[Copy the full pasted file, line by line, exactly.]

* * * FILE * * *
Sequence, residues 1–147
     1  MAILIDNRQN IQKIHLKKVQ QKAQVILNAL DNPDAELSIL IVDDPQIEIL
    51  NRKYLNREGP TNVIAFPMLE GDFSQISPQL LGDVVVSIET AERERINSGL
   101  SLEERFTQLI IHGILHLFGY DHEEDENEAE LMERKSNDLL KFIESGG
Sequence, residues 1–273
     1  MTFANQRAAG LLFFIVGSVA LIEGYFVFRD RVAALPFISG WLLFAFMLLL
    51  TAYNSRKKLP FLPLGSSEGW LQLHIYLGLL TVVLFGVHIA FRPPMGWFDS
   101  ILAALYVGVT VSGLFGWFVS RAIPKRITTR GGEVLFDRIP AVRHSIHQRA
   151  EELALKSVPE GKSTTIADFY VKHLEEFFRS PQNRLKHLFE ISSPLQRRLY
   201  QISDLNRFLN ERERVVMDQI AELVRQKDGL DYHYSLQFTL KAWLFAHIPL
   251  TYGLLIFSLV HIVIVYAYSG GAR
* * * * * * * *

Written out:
Sequence, residues 1–147
     1  MAILIDNRQN IQKIHLKKVQ QKAQVILNAL DNPDAELSIL IVDDPQIEIL
    51  NRKYLNREGP TNVIAFPMLE GDFSQISPQL LGDVVVSIET AERERINSGL
   101  SLEERFTQLI IHGILHLFGY DHEEDENEAE LMERKSNDLL KFIESGG
Sequence, residues 1–273
     1  MTFANQRAAG LLFFIVGSVA LIEGYFVFRD RVAALPFISG WLLFAFMLLL
    51  TAYNSRKKLP FLPLGSSEGW LQLHIYLGLL TVVLFGVHIA FRPPMGWFDS
   101  ILAALYVGVT VSGLFGWFVS RAIPKRITTR GGEVLFDRIP AVRHSIHQRA
   151  EELALKSVPE GKSTTIADFY VKHLEEFFRS PQNRLKHLFE ISSPLQRRLY
   201  QISDLNRFLN ERERVVMDQI AELVRQKDGL DYHYSLQFTL KAWLFAHIPL
   251  TYGLLIFSLV HIVIVYAYSG GAR